So where does that leave us humanists, left out in the cold without spires or choirs, pews or altars or holy books? I say it leaves us just where we want to be. It leaves us free to discover great institutions wherever we choose. It leaves us the chance to wonder, to imagine, and to see the world as our cathedral, all art as our art, all works of literature and poetry as our holy books, the great works of the theatre as our passion play, all music as our music. I’ve long said that the truest function of art is that it helps us understand what it means to be a human being in a world of contradiction, suffering, beauty, and turmoil, as well as transcendent joy and amazement at the enormity of it all. As a poet, I have tried both consciously and unconsciously to make sense of it all, to revel in the mystery and adventure of life, even in the face of the mortality we all share. It has made my life very rich. Anyone who creates art as a central essence of their living understands what I mean. But for those who aren’t so inclined, art is still theirs to embrace.

W. E. B. Du Bois

I don’t despair for lack of a Bible. My Bible is called The Complete Works of William Shakespeare and my Koran is the works of the Romantic poets. My court composers are named Bob Dylan and Leonard Cohen. The architects of my holy places are Frank Lloyd Wright and Maya Lin. And my cathedrals? Well the names of some of them are the Grand Canyon and Franconia Notch. Let me not forget Niagara Falls and the Great Barrier Reef. And yes, we humanists have our holy figures and saints as well. A few of their names are Charles Darwin, Galileo Galilei, Elizabeth Cady Stanton, W. E. B. Du Bois, Kurt Vonnegut, and Albert Einstein.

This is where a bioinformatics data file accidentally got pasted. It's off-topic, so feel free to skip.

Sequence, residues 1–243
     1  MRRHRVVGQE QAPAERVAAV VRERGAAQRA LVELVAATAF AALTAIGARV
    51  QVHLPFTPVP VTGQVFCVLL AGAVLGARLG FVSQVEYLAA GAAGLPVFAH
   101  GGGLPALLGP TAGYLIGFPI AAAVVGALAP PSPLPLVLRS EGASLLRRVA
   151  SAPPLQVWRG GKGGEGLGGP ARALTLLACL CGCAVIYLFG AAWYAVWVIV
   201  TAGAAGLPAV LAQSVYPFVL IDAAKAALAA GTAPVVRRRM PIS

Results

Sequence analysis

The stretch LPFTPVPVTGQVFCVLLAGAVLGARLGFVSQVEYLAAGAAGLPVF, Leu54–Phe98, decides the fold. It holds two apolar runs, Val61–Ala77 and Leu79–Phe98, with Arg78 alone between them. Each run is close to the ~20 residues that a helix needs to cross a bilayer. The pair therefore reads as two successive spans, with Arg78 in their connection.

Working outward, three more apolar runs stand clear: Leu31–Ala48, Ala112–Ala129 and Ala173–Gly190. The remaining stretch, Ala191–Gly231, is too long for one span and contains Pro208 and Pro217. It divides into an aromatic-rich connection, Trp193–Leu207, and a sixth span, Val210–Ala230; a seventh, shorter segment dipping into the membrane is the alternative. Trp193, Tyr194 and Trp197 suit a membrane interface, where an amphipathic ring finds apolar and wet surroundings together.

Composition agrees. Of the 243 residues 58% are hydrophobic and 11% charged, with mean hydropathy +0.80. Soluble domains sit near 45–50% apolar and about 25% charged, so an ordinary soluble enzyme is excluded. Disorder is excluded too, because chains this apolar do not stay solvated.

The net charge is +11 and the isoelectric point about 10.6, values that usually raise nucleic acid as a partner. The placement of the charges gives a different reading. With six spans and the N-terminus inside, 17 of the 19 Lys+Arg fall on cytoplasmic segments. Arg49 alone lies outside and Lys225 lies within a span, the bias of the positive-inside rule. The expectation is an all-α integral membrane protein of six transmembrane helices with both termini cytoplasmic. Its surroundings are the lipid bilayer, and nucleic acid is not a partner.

So I won’t mourn not having a Mormon Tabernacle Choir. I won’t pity us for not having Westminster Abbey, or (heaven forbid) a Church of the Savior on Spilled Blood. The world of the humanist is too rich to be contained in such modest places as these. My cathedral here in New Hampshire is made of the White Mountains. My church spires are one-hundred-foot-tall Eastern White Pines. The lakes and rivers flow with holy water and the sunset on a day in October is too great for the modest spaces afforded to church windows.

The experience of art offers us places to find ourselves, to see bits of us in the efforts of people who took the task of living head-on and with all their might. In the creations and the struggles of the artists among us there is enlightenment, there is wisdom, there is the joy of recognition, and there is hope. How sad for those we call devoted, who are taught to believe that all the answers are contained in a single book and that the moments of great praising emanate at scheduled times from a hard seat or on the knees. When we look up in worship, we don’t see a ceiling we can never reach. We see the stars.